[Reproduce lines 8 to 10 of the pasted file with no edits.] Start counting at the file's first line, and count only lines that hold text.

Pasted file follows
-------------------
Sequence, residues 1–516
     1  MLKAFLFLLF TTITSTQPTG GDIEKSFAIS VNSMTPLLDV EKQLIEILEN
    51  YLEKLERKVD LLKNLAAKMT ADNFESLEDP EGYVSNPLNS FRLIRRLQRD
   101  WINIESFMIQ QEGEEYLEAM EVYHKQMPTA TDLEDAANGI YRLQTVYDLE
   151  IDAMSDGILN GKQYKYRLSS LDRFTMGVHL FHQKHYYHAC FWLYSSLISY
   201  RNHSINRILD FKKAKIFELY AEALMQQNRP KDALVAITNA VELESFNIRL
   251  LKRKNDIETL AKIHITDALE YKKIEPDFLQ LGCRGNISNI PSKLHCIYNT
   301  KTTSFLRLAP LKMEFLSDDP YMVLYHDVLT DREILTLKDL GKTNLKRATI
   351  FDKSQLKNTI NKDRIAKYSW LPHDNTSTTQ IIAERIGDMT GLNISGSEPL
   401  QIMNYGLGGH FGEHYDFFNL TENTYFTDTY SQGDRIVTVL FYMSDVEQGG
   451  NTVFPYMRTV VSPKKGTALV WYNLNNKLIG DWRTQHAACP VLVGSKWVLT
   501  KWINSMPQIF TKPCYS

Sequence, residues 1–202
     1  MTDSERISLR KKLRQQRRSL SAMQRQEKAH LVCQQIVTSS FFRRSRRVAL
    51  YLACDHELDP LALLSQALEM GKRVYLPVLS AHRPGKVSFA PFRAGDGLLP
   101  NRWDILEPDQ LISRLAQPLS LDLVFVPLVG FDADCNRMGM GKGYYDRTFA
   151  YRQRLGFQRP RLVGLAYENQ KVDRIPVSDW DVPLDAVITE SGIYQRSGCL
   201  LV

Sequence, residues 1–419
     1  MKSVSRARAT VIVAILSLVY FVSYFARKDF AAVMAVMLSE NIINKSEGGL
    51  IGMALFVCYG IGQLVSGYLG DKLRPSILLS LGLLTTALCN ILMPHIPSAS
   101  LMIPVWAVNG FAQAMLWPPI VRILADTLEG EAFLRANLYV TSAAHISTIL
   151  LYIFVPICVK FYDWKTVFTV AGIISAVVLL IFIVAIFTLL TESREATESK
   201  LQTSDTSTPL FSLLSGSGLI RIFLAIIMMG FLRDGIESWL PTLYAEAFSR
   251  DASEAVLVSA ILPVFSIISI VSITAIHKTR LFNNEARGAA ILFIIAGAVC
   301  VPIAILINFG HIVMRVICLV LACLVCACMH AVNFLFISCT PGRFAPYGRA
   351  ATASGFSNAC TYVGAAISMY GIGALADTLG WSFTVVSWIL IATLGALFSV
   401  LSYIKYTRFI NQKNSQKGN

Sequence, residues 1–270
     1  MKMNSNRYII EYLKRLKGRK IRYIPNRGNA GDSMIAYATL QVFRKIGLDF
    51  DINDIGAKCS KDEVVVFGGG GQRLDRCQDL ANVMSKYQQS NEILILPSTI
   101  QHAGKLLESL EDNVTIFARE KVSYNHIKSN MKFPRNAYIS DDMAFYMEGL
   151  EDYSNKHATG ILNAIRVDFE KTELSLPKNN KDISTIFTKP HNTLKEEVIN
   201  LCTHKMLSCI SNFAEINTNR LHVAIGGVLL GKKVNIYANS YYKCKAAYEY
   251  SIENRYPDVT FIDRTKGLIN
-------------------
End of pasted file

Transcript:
   301  KTTSFLRLAP LKMEFLSDDP YMVLYHDVLT DREILTLKDL GKTNLKRATI
   351  FDKSQLKNTI NKDRIAKYSW LPHDNTSTTQ IIAERIGDMT GLNISGSEPL
   401  QIMNYGLGGH FGEHYDFFNL TENTYFTDTY SQGDRIVTVL FYMSDVEQGG